We are your one stop Winthrop Harbor chimney shop!
- We eliminate the guesswork. And provide our customers cutting edge Winthrop Harbor chimney repair technology.
- We are clean. And ensure our footwear never touches your floors. Our industrial vacuums collect the dust before it gets into your home while our trained technician sweeps and inspects the chimney flue.
- You are safe! We document every job with before and after photos, and the lead technician on the job is always certified. We also test for excess levels of carbon monoxide at no additional cost to you. Our Winthrop Harbor company is about making your home safe.
We begin with a Winthrop Harbor chimney inspection—which is one of the most important chimney services we offer, and one of the most misunderstood. The inspection determines the status of your chimney. We have created a page where specifics are listed. We are CSIA certified.
Chimney Inspection and Repair Keep Your Fireplace Working Safely - Have Your Chimney Assessed Yearly
Tuckpointing and Repointing. Chicago weather makes national news, and the mortar and brickwork feel the brunt of it. That’s why tuckpointing in Chicago is so important—to keep buildings safe and sound (and stunning) year round. No matter the wear and tear, our mortar repointing can restore each building to its original luster. Brick Wall Repair & Restoration. Mortar isn’t the only thing that gets damaged by Chicago winters — bricks can absorb moisture and become weathered by extreme temperatures, leading to spalling and cracked surfaces, and deteriorating complications down the line.
While this method may work temporarily, many professional contractors with years of experience with leaning chimneys do not recommend this repair method. Ultimately, strapping the flue to the home does not resolve the issue of the settling with causes the movement of the chimney. This is a temporary fix that is not likely to offer long term success for some leaning chimneys.
There are more permanent, reliable options for leaning chimney repair. In order to determine the best method for repair the contractor will have to identify the cause of the settlement. Determining the source of the settlement is important to helping the contractor suggest the best method to fix the problem on a permanent basis. Those chimneys with very little foundation damage may be able to be repaired with the insertion of pins or stabilized with the insertion of a flue.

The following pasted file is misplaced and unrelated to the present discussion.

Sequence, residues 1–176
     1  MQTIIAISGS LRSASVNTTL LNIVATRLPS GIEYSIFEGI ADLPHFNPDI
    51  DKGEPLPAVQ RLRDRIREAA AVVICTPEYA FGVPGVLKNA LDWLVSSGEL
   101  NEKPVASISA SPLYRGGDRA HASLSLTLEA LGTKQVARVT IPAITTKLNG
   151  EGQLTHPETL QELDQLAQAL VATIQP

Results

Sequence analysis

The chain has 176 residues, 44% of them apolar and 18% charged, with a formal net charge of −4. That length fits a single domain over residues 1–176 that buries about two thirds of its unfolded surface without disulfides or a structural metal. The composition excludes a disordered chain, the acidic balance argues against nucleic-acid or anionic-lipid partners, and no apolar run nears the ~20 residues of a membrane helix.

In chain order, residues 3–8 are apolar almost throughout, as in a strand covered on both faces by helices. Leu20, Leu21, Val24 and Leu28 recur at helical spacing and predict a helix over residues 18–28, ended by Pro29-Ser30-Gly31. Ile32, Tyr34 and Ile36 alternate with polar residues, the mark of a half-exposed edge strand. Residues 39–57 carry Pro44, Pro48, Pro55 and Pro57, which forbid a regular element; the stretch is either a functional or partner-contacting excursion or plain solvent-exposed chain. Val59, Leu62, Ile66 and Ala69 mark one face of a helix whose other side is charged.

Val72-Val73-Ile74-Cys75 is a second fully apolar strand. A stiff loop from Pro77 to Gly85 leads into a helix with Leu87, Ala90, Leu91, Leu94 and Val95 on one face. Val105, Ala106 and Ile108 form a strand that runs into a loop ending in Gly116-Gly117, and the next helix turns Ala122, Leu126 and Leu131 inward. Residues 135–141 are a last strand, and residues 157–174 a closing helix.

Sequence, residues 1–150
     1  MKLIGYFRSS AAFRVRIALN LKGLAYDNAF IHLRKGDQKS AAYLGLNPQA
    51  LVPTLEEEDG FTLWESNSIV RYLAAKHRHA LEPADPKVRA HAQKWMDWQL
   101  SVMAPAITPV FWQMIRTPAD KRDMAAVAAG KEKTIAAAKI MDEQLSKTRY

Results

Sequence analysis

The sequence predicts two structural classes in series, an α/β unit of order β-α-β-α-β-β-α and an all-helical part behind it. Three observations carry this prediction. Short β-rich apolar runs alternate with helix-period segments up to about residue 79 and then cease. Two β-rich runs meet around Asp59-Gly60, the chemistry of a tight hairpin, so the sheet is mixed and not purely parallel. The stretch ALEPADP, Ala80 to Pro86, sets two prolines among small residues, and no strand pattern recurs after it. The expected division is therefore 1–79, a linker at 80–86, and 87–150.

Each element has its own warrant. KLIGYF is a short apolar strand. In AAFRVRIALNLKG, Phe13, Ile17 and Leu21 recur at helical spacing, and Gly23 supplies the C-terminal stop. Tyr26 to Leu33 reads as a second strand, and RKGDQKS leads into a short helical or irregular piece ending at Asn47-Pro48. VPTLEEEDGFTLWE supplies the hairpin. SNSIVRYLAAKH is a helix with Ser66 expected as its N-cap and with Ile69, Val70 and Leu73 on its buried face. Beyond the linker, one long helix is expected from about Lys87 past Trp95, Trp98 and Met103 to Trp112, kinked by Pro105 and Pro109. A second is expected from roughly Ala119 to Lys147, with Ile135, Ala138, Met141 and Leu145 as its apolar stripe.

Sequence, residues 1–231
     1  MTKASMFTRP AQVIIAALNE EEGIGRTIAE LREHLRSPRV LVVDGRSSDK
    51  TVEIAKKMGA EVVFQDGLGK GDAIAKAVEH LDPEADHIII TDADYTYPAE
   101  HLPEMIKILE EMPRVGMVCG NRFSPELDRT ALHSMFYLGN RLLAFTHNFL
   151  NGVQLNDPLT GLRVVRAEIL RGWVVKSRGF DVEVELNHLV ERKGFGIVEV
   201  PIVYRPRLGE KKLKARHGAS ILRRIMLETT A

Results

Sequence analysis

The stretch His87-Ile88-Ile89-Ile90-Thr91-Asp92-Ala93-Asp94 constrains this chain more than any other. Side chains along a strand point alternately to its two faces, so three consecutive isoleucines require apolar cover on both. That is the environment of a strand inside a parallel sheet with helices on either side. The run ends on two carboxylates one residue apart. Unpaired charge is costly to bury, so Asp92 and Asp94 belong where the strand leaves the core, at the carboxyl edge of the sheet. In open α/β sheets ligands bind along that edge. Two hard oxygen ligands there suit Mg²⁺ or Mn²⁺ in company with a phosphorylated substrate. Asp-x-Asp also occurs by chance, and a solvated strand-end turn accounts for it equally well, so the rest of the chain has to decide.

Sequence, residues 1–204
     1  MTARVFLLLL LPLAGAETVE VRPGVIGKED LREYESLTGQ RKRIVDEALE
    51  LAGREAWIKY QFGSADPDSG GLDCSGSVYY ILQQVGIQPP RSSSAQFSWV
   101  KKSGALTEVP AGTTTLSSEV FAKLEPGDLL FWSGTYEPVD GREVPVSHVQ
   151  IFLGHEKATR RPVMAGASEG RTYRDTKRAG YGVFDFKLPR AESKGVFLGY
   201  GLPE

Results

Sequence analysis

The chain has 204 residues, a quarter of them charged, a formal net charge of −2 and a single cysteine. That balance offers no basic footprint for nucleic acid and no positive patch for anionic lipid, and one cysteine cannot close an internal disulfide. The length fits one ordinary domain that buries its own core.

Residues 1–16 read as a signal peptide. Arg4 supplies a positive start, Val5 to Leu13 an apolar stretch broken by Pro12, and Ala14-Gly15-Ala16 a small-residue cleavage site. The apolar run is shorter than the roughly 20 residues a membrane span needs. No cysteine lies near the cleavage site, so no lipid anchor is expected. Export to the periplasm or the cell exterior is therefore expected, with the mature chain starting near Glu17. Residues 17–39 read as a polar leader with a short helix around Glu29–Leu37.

There are other more comprehensive methods of repairing a leaning flue which include totally rebuilding the chimney and reconstructing the fireplace. The pros and cons of each option should be thoroughly considered by people that are looking for ways to effectively fix the problem of a leaning flue on a permanent basis.
In all, the method that one chooses to fix a leaning vent is very important for long lasting results. When dealing with structural issues with a home, it is always best to consult with licensed, professional companies that will be able to provide valuable, reliable advice regarding leaning chimney repair.
Take Care of Small Chimney Repairs
The most common cause of chimney related roof leaks is the chimney flashing. In fact, if you have a roof leak in the vicinity of the chimney, it is most likely the flashing. Chimney flashing is a 6 to 8 inch metal strip (usually lead or aluminum) used to seal the transition joint between the shingles and the chimney.
In some cases the chimney flashing was never installed, installed improperly or over time has deteriorated. Seasonal heating and cooling can cause flashing joints to break and open the water tight seal. The "old technology" method of repairing chimney flashing used a tar based material over the suspected leaking areas.
Unfortunately, the tar material for flashing repair is only a short term patch. All tar based chimney flashing patching compounds are not UV stable, and over time they degrade and crack on the roof. This either opens the old leaking areas or allows new leaks to form.
You live in an area with a rapid freeze-thaw cycle and you use the fireplace intermittently. This especially true for wood-burning fireplaces. The biggest culprit is moisture. What starts out as water vapor becomes tiny droplets of water. These droplets settle into fissures in your chimney - and freeze if when the temperature drops and you're not using your fireplace.
Then, since it's gotten cold again, you fire up the fireplace, and melt that water. The next day you decide not to have a fire - and the water freezes into those fissures, spreading them open like a pair of pliers. A couple of winters of this, and you have a real problem.
You live in an area that's just plain cold. Long, cold winters also put heavy wear-and-tear on the chimney. Again, moisture is the problem. Water is called the "universal solvent" for a reason - it'll dissolve anything given enough time. Look at the Grand Canyon.